Villeurbanne

Joachim Koester, Variations of Incomplete Open Cubes, 2011, wood, black-and-white 16-mm film projection, 8 minutes 15 seconds. Installation view.

Joachim Koester, Variations of Incomplete Open Cubes, 2011, wood, black-and-white 16-mm film projection, 8 minutes 15 seconds. Installation view.

Joachim Koester

Institut d’Art Contemporain

Joachim Koester, Variations of Incomplete Open Cubes, 2011, wood, black-and-white 16-mm film projection, 8 minutes 15 seconds. Installation view.

What stuck with you from Joachim Koester’s exhibition “Of Spirits and Empty Spaces” was primarily the powerful memory of its atmosphere, of a progression through darkness, from one black-and-white projection to another, with passages through light and color for his photographic works. Above all, you were left with the impression of having plunged into a remarkably coherent yet varied universe without any trace of monotony. The twenty-one pieces in the show date from 2003 to 2011, some having been produced for the occasion. All reflect the artist’s method of combining documentary and fiction and proceed by means of what film curator Philippe-Alain Michaud calls reconstitutions: Koester turns back to places photographed by champions of Conceptual art (Histoires, 2003–2005), follows in the footsteps of Aleister Crowley and Kenneth Anger in the Italian city Cefalù (One + One + One, 2006), or those of Immanuel Kant in what was Königsberg and is now the Russian exclave Kaliningrad (The Kant Walks, 2005). These works stem from a process of investigation and more or less visibly bear its trace; they explore a geography shaped by history as much as by literature and exist in a very specific, essentially undefined time: when the past is reactivated in the present, which could henceforth seem to anticipate a time to come.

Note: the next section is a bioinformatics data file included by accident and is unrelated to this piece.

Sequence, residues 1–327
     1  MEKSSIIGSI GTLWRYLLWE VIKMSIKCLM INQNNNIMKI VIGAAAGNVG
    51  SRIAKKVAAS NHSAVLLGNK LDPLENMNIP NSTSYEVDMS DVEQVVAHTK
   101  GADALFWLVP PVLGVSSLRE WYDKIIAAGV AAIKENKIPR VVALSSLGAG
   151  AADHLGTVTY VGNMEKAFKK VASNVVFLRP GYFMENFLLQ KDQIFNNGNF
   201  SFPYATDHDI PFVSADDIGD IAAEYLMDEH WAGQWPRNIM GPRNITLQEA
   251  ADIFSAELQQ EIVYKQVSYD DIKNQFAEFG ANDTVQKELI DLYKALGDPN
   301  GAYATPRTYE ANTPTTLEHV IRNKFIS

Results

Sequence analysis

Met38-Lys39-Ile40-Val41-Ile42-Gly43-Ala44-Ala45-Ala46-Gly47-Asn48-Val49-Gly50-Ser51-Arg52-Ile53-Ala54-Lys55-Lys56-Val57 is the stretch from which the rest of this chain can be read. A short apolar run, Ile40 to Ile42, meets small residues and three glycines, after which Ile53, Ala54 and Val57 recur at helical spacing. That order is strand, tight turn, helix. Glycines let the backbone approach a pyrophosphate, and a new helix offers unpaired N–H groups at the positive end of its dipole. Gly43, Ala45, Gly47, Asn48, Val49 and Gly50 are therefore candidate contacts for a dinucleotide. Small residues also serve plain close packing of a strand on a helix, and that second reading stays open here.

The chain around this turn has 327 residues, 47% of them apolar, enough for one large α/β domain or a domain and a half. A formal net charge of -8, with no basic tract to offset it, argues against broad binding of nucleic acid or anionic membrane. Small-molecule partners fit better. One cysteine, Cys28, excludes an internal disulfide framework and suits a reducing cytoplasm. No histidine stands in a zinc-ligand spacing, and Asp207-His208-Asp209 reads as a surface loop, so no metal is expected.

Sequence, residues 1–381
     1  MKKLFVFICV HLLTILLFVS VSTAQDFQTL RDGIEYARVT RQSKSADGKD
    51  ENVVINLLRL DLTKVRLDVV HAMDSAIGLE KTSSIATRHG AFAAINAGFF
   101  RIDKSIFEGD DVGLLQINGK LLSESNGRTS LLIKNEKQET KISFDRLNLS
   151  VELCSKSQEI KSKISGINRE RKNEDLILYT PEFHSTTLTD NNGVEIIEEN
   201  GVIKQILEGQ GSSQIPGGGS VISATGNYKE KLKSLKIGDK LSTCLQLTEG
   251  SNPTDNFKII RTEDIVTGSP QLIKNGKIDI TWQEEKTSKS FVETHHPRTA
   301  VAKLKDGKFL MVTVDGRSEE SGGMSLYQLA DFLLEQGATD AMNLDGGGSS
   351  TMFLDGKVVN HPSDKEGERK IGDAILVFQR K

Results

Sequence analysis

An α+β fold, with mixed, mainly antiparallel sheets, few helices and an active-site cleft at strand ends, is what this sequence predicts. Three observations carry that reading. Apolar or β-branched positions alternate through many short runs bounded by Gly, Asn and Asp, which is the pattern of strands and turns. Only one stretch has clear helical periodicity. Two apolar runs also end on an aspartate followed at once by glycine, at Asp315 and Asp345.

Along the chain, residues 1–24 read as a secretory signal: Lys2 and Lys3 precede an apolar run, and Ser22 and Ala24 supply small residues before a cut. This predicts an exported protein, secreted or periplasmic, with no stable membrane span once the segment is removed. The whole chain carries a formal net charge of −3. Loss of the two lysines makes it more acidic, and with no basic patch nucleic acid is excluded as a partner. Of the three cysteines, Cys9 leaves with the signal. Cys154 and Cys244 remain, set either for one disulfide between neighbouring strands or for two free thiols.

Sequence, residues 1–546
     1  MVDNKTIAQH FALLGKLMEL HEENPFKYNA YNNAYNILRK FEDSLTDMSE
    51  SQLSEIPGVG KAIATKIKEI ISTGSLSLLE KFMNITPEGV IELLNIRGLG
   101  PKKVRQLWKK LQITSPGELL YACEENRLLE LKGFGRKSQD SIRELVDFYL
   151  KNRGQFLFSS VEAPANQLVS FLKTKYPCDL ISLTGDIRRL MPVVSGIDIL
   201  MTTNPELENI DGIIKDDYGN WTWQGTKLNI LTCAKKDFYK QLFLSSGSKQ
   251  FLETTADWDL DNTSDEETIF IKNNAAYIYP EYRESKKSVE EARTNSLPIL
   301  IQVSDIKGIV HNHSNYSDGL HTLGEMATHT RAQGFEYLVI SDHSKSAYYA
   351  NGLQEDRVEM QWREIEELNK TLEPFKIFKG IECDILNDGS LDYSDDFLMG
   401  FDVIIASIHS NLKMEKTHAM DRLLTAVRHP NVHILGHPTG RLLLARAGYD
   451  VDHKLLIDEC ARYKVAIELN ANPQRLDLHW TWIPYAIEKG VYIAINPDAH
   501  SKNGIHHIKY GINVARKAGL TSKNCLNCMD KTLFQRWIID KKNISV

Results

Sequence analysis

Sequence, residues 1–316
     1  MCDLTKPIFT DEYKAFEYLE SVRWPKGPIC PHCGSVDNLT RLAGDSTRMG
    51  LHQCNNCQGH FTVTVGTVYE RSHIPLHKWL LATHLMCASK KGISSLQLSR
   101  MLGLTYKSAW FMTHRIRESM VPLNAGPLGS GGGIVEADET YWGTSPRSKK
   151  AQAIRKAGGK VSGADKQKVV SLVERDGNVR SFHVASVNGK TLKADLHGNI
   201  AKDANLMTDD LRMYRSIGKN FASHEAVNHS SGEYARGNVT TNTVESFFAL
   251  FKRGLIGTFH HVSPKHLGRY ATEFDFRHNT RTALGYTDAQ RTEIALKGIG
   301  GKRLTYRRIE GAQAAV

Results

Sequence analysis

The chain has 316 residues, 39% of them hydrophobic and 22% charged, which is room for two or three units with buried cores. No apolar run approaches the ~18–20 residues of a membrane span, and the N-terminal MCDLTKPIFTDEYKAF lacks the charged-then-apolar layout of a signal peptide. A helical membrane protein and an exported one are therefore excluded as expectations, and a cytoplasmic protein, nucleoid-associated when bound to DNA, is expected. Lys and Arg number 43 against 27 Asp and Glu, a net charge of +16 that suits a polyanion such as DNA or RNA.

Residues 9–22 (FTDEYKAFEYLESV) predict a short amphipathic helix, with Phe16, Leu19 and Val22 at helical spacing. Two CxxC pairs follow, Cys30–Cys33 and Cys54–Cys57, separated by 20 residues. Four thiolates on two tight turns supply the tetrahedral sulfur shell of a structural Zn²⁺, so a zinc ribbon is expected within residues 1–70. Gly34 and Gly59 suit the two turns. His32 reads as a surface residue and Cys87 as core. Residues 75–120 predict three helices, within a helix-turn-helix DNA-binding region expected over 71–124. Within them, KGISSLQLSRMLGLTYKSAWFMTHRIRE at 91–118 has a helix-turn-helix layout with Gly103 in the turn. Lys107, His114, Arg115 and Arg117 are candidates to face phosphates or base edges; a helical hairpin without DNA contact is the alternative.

Koester explores the labile borderline between consciousness and its various possible modifications—through trance in Tarantism, 2007, for instance, or through psychoactive drugs in The Hashish Club, 2009—and between reason and what escapes its control. Hence the attention brought to apparatuses of presentation. Numerous Incidents of Indefinite Outcome, 2007, is enclosed in a wood cabin; in order to see Morning of Magicians, 2006, one must climb a wood pyramid that evokes the artist’s conception of the viewer as a “reception apparatus” (to borrow from the title of one of his pieces, I Myself Am Only a Receiving Apparatus, 2010, made in the reconstruction of Kurt Schwitters’s Merzbau in Hannover, Germany).

The boarded-up screens around the 16-mm film projection Variations of Incomplete Open Cubes, 2011, play a large role, evoking horror movies and the closing of space onto an interiority that is both peaceful and disturbing. In many cases, the images are projected only as you approach the work, as if they were waiting just for you, responding to you, even emanating from you. But to step away from and turn back to one of these pieces can create a strange feeling of déjà vu.

In the projections in this last work, two male hands framed in close-up adopt a series of positions, varying in complexity. Strongly lit, they emerge from the black suit, shirt, and pants of the actor, who resembles a magician or a puppeteer. The jerky dance of fingers brings to mind mime, sign language, and shadow puppetry, but the title tells us the work must be an attempt to reconstitute Sol LeWitt’s Incomplete Open Cubes, 1974. The irrational character of the undertaking is immediately apparent: Obsessive, absurd, even impossible, these gestures intend to subjugate the body to geometry, but it escapes by the sleight of these hands.

Guitemie Maldonado

Translated from French by Molly Stevens.